The Cullinan Diamond
The Cullinan Diamond was the largest gem-quality rough diamond ever found, weighing 3,106.75 carats (621.35 g), discovered at the Premier No. 2 mine in Cullinan, South Africa, on 26 January 1905. It was named after Thomas Cullinan, the mine’s chairman. In April 1905, it was put on sale in London, but despite considerable interest, it was still unsold after two years. In 1907, the Transvaal Colony government bought the Cullinan and presented it to Edward VII, King of the United Kingdom, who had it cut by Asscher Brothers in Amsterdam.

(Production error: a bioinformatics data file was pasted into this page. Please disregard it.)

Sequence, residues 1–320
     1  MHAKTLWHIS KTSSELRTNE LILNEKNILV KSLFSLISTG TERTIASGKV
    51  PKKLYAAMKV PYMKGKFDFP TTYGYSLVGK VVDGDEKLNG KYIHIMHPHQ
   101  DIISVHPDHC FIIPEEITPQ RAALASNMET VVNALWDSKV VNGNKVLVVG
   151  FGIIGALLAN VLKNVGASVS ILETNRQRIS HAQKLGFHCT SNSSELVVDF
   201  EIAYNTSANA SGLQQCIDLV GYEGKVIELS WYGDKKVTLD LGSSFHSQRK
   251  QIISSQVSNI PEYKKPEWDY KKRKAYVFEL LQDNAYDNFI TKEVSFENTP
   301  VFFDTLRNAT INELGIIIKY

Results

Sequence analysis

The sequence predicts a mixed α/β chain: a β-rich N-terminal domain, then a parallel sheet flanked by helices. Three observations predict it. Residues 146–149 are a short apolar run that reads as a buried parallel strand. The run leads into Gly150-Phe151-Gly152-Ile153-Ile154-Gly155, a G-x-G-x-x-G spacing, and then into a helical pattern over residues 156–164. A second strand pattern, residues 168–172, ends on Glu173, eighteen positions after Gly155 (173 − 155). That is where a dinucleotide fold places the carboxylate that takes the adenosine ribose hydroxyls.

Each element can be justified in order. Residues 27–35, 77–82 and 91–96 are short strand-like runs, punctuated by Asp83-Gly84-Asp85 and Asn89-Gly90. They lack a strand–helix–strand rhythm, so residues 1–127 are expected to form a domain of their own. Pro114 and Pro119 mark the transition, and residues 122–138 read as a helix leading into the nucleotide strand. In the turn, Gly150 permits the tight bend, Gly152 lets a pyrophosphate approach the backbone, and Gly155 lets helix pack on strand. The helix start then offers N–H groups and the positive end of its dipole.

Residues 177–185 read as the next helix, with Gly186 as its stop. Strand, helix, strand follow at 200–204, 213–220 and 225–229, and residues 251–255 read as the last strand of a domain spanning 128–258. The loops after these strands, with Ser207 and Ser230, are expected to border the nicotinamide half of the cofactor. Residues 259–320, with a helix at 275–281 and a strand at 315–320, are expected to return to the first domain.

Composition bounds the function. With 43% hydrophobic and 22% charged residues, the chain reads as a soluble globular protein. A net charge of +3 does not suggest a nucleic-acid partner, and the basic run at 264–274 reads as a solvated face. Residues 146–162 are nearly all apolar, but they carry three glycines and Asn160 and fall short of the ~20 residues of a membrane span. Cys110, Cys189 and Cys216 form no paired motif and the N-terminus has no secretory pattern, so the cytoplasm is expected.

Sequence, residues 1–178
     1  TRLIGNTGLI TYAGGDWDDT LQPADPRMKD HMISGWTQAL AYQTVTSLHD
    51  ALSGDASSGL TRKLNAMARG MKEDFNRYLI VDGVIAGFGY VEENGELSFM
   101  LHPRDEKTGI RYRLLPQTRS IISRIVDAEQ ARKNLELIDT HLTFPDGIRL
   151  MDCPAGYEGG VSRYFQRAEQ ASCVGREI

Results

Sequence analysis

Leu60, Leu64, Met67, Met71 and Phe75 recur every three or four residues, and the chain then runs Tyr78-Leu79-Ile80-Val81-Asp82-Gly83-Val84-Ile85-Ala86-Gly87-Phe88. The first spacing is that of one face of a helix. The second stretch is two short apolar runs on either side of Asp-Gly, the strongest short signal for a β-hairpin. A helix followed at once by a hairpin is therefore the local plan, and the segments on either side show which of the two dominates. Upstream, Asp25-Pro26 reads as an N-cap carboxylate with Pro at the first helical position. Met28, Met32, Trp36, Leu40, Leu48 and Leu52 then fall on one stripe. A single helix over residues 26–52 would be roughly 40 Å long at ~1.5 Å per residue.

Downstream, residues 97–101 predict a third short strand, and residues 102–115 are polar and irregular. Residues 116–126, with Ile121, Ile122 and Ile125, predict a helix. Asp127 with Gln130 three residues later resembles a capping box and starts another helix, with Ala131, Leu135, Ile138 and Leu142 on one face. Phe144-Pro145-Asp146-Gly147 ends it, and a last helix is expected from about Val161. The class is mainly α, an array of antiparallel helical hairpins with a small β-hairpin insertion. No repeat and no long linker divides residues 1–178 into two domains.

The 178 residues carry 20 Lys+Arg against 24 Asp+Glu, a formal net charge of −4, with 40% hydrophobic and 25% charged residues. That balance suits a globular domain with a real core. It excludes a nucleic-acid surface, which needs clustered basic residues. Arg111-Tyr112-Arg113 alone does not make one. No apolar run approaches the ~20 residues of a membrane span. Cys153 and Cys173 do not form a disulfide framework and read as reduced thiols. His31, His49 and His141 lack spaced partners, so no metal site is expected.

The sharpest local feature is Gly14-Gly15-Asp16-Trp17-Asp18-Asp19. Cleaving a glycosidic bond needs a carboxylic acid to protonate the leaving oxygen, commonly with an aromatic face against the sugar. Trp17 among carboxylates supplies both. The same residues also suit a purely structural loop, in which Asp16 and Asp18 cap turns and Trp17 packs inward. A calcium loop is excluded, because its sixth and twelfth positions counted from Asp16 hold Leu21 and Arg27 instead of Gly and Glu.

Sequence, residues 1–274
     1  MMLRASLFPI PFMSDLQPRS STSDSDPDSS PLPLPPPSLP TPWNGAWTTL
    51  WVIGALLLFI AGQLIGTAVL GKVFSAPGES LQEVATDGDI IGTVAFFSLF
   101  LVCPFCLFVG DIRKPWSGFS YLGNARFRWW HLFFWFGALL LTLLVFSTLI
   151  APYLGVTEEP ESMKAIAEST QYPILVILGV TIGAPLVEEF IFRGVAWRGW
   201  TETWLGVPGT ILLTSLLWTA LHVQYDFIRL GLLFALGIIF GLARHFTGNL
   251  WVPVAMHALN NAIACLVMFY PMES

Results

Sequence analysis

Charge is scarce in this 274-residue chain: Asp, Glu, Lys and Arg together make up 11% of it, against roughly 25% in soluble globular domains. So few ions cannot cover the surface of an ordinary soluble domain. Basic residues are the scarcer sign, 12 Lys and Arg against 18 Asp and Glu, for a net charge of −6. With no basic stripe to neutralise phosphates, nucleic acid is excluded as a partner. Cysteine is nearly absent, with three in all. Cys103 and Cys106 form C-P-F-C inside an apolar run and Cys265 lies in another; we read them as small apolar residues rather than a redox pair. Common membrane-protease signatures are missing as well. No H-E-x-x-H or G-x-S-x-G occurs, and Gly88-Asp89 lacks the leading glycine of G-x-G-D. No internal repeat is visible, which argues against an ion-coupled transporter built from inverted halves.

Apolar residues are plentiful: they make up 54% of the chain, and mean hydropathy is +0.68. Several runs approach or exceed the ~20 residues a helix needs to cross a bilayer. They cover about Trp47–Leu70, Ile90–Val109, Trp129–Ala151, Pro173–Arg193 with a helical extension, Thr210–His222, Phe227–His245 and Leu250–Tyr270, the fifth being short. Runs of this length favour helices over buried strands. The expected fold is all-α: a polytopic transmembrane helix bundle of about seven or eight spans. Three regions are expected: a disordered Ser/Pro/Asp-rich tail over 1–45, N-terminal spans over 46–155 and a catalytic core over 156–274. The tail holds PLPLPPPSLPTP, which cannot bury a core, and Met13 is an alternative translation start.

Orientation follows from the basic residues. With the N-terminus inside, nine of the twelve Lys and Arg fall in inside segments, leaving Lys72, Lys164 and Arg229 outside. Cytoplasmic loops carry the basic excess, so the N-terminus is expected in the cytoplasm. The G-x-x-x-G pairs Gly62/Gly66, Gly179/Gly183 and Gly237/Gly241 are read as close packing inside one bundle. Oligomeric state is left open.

Cullinan produced stones of various cuts and sizes, the largest of which is named Cullinan I or the Great Star of Africa, and at 530.4 carats (106.08 g) it is the largest clear cut diamond in the world. The stone is mounted in the head of the Sovereign’s Sceptre with Cross. The second-largest is Cullinan II or the Second Star of Africa, weighing 317.4 carats (63.48 g), mounted in the Imperial State Crown. Both are part of the Crown Jewels. Seven other major diamonds, weighing a total of 208.29 carats (41.66 g), are privately owned by Elizabeth II, who inherited them from her grandmother, Queen Mary, in 1953. The Queen also owns minor brilliants and a set of unpolished fragments.